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How to Prepare for an Online Bar Exam
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Recent law school graduates waiting to sit for the 2020 bar exam have been trough a lot this summer. Studying for the licensing test is an exhausting, stressful and expensive process on its own, let alone in the middle of a global pandemic, where disruption and uncertainty linger in every aspect of your everyday life. 

By now, at least fifteen states including New York, California, New Jersey, and Illinois have announced plans of administrating an abbreviated online test prepared by NCBE on Oct 5.

This is the first time the attorney licensing test will be administered and proctored online, so a lot of things regarding the process are unclear.

  
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Nevertheless, just because it”s a new concept, it doesn’t mean it has to be any different from an in-person exam! 

So here are some tips for prospective attorneys waiting to take an online bar exam.

1. Prepare accordingly for an online exam

This is an adjustment for many examinees, so getting used to it sooner rather than later will help you stay prepared and ready. Many states that are offering an online bar exam disallow test-takers from using pen and paper.

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Instead, examinees will be expected to do everything digitally ― reading and answering the question as well as taking notes on their computers.  So, to be fully prepared for the online model, mimic the upcoming exam and practice on your computer by using a digital note-taking platform.

This strategy will help you identify potential setbacks that might happen during the exam and resolve them on time. Getting familiar with the process will help you adjust faster and be more relaxed.

2. Double-check your Wi-Fi

 States offering an online bar exam require a video recording to prevent cheating and to monitor any irregularities, so check if your video camera works properly. Double-check your Wi-Fi and make sure your connection isn’t finicky. Some states like Indiana require an external webcam with a desktop stand. So make sure you have all the needed information about your state’s requirements.

3. Make sure your tech equipment is functioning properly

Figure out what laptop or desktop you are going to use. If your laptop tends to freeze regularly, or you have keys that always stick, you might consider borrowing or even buying a new laptop. Some states are also allowing exam takers to use “loaner” laptops if the student does not have their own functional laptop. So you can check with your state board if this is the case!

Try to get this all set up early, so that you can anticipate if there’s going to be any problems during the exam. It’s better to know now than a day before the exam. You don’t want any unpredicted tech issues that will undoubtedly add to your stress.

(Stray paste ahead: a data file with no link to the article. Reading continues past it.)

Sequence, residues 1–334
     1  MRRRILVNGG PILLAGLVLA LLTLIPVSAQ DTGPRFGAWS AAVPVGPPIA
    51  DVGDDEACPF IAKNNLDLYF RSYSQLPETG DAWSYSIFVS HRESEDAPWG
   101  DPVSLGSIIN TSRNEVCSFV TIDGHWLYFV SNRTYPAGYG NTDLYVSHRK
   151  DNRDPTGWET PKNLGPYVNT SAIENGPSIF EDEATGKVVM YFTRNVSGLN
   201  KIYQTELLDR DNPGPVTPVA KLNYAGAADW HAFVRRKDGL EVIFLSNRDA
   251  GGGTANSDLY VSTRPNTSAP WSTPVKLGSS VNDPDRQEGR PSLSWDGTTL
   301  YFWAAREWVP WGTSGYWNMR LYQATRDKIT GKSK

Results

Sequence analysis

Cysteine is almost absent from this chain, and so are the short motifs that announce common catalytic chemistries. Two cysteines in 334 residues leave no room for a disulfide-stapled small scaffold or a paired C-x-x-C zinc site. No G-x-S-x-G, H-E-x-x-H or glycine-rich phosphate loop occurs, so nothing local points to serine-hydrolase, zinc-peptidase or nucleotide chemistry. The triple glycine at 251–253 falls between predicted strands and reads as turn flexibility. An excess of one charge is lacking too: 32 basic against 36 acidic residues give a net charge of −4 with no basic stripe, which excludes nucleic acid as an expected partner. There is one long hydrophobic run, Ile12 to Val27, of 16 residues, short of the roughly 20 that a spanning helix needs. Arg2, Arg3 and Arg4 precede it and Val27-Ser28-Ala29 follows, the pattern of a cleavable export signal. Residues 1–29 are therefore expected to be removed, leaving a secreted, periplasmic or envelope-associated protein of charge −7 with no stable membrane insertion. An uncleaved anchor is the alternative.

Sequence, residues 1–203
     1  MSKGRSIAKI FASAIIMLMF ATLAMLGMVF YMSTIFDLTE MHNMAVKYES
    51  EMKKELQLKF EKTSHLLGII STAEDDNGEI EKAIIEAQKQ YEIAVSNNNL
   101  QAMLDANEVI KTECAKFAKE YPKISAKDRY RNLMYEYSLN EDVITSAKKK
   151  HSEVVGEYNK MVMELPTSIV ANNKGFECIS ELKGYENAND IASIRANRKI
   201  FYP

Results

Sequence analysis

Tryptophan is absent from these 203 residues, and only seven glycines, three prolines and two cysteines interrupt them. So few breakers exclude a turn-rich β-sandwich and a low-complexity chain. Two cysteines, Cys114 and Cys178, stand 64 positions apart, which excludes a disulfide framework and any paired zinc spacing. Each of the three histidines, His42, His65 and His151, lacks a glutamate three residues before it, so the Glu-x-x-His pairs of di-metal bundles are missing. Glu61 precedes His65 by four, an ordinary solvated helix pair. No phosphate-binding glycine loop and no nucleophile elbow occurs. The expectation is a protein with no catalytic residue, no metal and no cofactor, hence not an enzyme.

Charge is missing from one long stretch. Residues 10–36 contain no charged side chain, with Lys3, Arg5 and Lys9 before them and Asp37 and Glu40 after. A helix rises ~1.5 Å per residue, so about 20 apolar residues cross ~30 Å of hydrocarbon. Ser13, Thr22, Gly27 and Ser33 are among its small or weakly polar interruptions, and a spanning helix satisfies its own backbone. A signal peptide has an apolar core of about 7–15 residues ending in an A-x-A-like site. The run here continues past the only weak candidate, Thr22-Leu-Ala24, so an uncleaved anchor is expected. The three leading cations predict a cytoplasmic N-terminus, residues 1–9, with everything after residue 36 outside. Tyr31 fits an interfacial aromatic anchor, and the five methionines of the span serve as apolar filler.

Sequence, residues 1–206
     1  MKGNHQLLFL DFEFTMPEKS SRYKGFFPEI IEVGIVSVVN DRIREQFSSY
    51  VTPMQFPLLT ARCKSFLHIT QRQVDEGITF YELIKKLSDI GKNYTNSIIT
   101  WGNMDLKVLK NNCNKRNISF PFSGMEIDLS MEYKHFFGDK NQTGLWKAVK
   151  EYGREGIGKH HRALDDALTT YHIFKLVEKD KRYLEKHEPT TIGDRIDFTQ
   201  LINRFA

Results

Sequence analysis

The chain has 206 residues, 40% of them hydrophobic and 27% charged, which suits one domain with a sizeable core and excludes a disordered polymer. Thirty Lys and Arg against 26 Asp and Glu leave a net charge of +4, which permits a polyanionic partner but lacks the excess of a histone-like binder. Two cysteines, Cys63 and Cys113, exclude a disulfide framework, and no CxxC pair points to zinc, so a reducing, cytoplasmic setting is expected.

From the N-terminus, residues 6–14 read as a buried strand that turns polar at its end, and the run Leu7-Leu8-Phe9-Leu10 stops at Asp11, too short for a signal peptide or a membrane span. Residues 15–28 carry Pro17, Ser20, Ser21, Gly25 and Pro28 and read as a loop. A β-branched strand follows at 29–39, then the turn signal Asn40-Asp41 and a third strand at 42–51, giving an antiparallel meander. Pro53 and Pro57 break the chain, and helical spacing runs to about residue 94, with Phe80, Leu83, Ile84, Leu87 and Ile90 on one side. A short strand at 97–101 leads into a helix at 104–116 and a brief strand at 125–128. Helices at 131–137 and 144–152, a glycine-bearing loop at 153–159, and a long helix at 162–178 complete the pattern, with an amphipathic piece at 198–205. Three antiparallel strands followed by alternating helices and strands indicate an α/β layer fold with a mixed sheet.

4. Set up your room following the requirements 

Some states are very strict with their requirements of what is—and is not—allowed in the room. For example, California does not allow any items in the testing room, including but not limited to clocks, digital timers, watches, scratch paper, books of any kind, food, beverages, stereos, radios, etc. Also, no other than you are allowed in the testing room, including animals. Examinees are prohibited from having any study materials, notes, outlines, or cell phones in the room.

See if you can set up a room that follows the requirements ahead of time. The last thing you want is to be disqualified from the exam because a prohibited item was inadvertently left in the room!

5. Test your knowledge 

BarBri is offering a 70-question Baseline Assessment for free, and you don’t have to be signed up for BarBri’s bar prep course in order to take it. After you take the Baseline Assessment, BarBri sends you a report with information about areas of strength and areas that you need to prioritize for improvement during your bar studies. 

6. Take breaks

You have a lot on your plate. You are likely studying seven days a week without a break, and you still feel like you are going nowhere. Studying without breaks is counterproductive as you will burn out and likely halt the studying process. So, take as many breaks as possible. Go for a run, meditate, do yoga, meet with friends, take a day or a weekend off. To learn more effectively, you must find a way to vent.

7. Focus on what you can control

You likely have a lot on your mind, as it’s not easy to study for the most stressful exam in your life while worrying about the future of your career, your loved ones, and everything else. It’s perfectly normal to feel overwhelmed by the uncertainty that looms over everyone living through the pandemic. But if you try to eliminate all the ‘what ifs’ that paralyze you, you can study better and focus on something that you can control.

While you can’t control what’s going to happen with the bar exam and what your state is going to do, you can control your study schedule; you can control how you are going to approach this during the pandemic. So don’t dwell on things that are out of your control, and focus on what you do best.



 

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